In April, another prisoner at Waupun CI named Robert Tatum went on a hunger strike lasting 14 days, after which he was force fed by staff, even though he had given up the strike and eaten a meal when threatened. The American Medical Association and United Nations have unequivocally condemned force feeding a conscious and resisting “patient” as very dangerous and medically unethical.

Outside supporters have been monitoring the situation, calling the DOC and demanding that they negotiate with the hunger strikers and organizing support rallies. On Tuesday, June 21, they held a vigil outside of the DOC offices in Madison. If the DOC remains intransigent, they will deliver a public letter to DOC central office in Madison and demand a response.

Please email and call Waupun Correctional Institute. As of Sunday, June 19, people have been on hunger strike in Waupun for 13 days. One of the hunger strikers, Cesar DeLeon, announced June 15 that he is now also refusing water because Waupun’s water supply is contaminated by lead. He vomits up their water and experiences stomach pain and heart-burn when he drinks it.

June 21 letter to Wisconsin Department of Corrections

Here is a letter and demands we, as the Coalition for Support of Prisoners, delivered to DOC on Tuesday, June 21, to Wisconsin Department of Corrections Secretary Jon Litscher, 3099 East Washington Ave., Madison, WI 53704.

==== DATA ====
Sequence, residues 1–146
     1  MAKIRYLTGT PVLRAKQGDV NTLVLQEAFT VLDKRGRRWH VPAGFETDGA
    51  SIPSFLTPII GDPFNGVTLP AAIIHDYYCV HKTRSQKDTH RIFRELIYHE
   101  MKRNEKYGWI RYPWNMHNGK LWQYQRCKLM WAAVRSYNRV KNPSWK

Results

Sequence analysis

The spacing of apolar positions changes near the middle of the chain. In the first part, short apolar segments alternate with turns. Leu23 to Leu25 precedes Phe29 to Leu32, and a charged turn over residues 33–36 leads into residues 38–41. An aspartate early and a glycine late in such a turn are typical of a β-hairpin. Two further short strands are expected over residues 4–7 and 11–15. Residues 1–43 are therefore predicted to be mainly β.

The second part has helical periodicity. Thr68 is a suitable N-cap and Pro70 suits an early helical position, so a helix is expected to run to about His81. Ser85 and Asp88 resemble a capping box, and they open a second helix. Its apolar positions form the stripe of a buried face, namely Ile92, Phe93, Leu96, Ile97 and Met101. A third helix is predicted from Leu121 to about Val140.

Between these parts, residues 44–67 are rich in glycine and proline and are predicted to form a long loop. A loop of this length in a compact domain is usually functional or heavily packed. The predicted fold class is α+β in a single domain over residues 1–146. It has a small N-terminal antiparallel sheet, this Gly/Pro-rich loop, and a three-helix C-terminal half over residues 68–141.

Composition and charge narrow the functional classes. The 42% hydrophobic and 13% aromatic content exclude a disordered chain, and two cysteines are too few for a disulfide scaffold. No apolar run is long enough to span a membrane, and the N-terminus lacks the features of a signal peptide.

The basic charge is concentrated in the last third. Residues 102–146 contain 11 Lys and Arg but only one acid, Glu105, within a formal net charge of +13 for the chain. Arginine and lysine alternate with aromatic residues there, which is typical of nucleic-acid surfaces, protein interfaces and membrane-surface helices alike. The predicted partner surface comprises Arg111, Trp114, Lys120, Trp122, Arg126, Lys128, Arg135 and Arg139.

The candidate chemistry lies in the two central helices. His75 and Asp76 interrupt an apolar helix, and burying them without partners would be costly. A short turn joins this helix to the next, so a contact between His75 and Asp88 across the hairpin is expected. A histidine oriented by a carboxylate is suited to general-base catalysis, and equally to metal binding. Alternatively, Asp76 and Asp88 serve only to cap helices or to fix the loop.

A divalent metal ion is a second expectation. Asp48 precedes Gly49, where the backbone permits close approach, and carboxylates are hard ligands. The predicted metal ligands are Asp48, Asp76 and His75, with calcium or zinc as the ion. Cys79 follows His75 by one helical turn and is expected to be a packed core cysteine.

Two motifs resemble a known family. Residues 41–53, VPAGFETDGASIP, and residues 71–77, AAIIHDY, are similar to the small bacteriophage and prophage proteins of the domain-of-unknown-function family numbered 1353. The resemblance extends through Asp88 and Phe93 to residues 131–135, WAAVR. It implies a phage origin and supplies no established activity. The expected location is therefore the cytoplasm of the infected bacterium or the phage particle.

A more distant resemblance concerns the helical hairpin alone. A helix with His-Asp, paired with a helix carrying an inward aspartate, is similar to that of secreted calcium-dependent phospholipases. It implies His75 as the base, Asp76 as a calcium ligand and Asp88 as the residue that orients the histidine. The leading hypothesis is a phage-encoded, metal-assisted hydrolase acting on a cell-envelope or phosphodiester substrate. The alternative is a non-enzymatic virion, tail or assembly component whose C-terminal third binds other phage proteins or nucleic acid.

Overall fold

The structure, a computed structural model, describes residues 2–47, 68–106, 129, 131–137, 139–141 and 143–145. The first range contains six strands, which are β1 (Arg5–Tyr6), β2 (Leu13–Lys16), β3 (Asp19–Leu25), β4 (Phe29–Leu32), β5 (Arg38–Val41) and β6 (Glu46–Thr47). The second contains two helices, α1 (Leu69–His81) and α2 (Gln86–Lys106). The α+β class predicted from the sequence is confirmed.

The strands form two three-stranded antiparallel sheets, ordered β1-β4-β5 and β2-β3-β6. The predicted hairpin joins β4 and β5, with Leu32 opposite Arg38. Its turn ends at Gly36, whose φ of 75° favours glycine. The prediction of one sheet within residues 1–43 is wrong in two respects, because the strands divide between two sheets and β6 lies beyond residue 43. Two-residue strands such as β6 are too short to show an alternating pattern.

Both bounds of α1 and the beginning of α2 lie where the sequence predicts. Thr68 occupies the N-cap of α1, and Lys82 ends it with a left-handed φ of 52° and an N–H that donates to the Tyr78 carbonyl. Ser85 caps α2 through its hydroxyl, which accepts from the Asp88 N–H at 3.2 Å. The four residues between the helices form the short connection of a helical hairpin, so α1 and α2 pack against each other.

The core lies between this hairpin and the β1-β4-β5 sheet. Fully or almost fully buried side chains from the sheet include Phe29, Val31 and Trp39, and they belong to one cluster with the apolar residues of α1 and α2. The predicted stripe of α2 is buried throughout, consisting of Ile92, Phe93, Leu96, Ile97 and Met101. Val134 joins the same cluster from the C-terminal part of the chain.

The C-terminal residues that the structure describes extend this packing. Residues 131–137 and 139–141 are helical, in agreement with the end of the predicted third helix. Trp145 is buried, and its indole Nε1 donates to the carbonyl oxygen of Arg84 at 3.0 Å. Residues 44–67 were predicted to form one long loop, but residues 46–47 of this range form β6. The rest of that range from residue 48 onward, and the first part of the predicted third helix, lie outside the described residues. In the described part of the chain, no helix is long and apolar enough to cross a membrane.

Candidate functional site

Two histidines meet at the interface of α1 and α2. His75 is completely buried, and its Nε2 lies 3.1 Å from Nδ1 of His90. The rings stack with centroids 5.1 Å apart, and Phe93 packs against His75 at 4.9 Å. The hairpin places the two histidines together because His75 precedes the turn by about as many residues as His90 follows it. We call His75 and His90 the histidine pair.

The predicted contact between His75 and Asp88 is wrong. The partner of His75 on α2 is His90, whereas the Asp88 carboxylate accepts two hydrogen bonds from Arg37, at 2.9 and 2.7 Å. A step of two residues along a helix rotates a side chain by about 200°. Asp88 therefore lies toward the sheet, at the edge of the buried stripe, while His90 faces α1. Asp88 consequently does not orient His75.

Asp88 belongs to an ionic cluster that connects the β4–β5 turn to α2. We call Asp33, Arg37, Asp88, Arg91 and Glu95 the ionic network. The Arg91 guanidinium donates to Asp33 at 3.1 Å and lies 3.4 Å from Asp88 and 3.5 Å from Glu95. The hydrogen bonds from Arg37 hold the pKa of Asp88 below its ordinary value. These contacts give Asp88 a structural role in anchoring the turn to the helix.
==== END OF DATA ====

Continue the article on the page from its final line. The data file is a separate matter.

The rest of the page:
Secretary Litscher,

We are writing you today to present the demands of the prisoners refusing food in order to bring attention to the overuse and abuse of administrative confinement in Wisconsin’s prisons. As the public becomes aware of the torturous effect of any kind of solitary confinement longer than 15 days, you can imagine the outrage and bewilderment when they learned that we have inmates who have been in solitary for decades!

It is time to change. Abolishing of long term solitary confinement is a nationwide phenomenon now and soon will include all solitary longer than a few days.

Please look carefully at the enclosed demands made by the striking prisoners. We support them in this and are working on our own list of demands that supplement this list with greater detail. We also realize that making this system rehabilitative, allowing the DOC to fulfill finally its mission statement, is a long term process but it must start with the questions administrative confinement poses.

What do we do with the disruptive mentally ill and how do we separate the truly dangerous from the rest of the population?

Waupun Correctional Institution
Waupun Correctional Institution

Proper mental health facilities and treatment of “short and long term solitary confinement prisoners” is one of the demands. WI DOC knows what to do here: Install the mental health treatment facilities that were mandated by the Taychedah (TCI) lawsuit in 2009 (Flynn v. Doyle 06-c-537). The unit in TCI works well and a few years ago one was being planned for CCI when funding was directed elsewhere.

Now is the time to build one at each maximum prison. There is no treatment now and staff is hard to hold. You will have no problem retaining staff if they can do their work with proper tools.